By Rukhshana Media
On Thursday, women protested outside the United Nations office in the Afghan capital, Kabul, demanding international attention to the humanitarian and economic crises in Afghanistan.
A group of women protesters who marched toward the United Nations office in Kabul, chanted, “Food, Work and Freedom.”
“I am the head of a household, I should have the right to work,” Marjan Amiri, one of the protesters, told Rukhshana Media, adding how the Taliban’s restrictions on women’s work have prevented her from providing for her family. “The food price is rising and I can’t put food on the table. The world should see how a nation is dying of starvation,” she added.
Another group of women who were also protesting the humanitarian crisis in the country, chanted, “I sold my child for a piece of bread”, and “I sold my kidneys [to buy] medicine.” The protesters also asked for meaningful inclusion of women in the government.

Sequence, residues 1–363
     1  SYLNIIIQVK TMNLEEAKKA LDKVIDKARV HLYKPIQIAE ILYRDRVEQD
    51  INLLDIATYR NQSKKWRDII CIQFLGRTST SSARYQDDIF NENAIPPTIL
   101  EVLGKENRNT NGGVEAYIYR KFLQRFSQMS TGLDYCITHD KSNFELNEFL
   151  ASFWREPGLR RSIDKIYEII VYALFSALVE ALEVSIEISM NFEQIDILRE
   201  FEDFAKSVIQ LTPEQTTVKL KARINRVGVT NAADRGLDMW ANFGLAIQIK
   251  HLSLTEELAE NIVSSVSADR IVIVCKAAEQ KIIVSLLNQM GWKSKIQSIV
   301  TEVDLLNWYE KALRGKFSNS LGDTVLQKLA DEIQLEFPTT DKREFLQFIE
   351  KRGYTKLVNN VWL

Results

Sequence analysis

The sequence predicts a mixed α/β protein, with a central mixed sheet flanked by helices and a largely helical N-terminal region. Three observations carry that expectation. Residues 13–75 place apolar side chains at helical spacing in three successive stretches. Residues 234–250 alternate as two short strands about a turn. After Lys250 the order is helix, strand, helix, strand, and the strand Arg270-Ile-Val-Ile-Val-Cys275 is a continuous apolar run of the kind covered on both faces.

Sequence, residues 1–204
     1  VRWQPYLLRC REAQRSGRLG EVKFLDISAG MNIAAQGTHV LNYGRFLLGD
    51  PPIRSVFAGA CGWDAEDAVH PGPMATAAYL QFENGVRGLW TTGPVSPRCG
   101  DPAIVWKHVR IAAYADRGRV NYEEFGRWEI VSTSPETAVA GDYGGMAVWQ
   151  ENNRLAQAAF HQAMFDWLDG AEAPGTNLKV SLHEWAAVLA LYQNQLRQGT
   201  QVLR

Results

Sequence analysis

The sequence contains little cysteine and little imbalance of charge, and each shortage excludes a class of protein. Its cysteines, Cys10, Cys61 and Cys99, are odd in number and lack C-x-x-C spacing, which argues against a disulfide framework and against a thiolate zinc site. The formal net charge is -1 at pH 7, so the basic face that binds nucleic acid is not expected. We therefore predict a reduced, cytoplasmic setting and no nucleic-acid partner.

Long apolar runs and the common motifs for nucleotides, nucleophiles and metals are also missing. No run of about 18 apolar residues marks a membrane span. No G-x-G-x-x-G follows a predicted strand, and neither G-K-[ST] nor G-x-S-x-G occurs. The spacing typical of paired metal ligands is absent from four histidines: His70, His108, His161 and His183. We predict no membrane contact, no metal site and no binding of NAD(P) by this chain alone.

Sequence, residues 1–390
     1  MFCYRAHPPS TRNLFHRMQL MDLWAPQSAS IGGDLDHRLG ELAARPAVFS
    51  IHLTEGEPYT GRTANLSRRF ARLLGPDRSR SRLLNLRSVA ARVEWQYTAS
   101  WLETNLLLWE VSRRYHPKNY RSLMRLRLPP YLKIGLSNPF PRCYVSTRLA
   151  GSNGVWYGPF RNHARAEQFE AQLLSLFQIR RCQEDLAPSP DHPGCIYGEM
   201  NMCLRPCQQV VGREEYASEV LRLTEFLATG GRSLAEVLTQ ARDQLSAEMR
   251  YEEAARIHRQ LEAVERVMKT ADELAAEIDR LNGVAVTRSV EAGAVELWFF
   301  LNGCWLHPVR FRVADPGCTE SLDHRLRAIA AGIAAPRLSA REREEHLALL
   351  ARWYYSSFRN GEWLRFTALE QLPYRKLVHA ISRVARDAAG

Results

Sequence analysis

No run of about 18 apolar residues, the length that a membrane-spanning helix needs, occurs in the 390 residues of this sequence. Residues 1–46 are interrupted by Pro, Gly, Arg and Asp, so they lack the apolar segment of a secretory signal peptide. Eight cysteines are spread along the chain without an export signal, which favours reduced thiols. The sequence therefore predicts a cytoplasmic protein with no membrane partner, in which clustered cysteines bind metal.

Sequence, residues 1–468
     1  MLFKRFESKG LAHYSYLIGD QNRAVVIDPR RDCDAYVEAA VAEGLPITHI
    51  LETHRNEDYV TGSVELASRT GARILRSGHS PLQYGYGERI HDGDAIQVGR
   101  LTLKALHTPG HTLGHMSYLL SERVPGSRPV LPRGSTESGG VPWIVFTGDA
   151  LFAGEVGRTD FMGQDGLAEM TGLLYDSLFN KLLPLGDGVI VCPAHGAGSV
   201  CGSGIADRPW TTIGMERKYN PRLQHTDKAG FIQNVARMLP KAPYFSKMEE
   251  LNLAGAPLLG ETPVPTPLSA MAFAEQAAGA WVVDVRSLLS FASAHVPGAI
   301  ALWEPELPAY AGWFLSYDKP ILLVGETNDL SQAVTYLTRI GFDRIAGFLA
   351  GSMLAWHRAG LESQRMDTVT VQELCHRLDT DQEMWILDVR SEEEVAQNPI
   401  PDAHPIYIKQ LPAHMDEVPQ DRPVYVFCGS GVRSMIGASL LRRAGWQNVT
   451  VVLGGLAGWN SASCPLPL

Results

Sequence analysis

“We marched toward the United Nations office [in Kabul] and chanted about poverty and starvation and against Pakistan, but unfortunately the Taliban suppressed our protest,” Reshmin, one of the protesters, told Rukhshana Media. “They hit a protester on her hand and her phone fell. When she tried to pick it up, a Taliban gunman stepped on her hand,” she said, adding that protesters were dispersed after the Taliban gunmen threatened to shoot them.
A third group of women who gathered in an indoor place, also protested the harsh economic conditions, and demanded that women should be allowed to return to work and their salaries should be paid.
The protests come as the country’s population is gripped by starvation. In October the UN World Food Program (WFP) warned that half of Afghanistan’s population is facing starvation if no immediate action was taken. “Ninety-five percent of the people don’t have enough food, and now we’re looking at 23 million people marching towards starvation,” said David Beasley, director of the UN World Food Program in an interview with the BBC on early November, describing the situation in Afghanistan as “the worst humanitarian crisis on Earth.”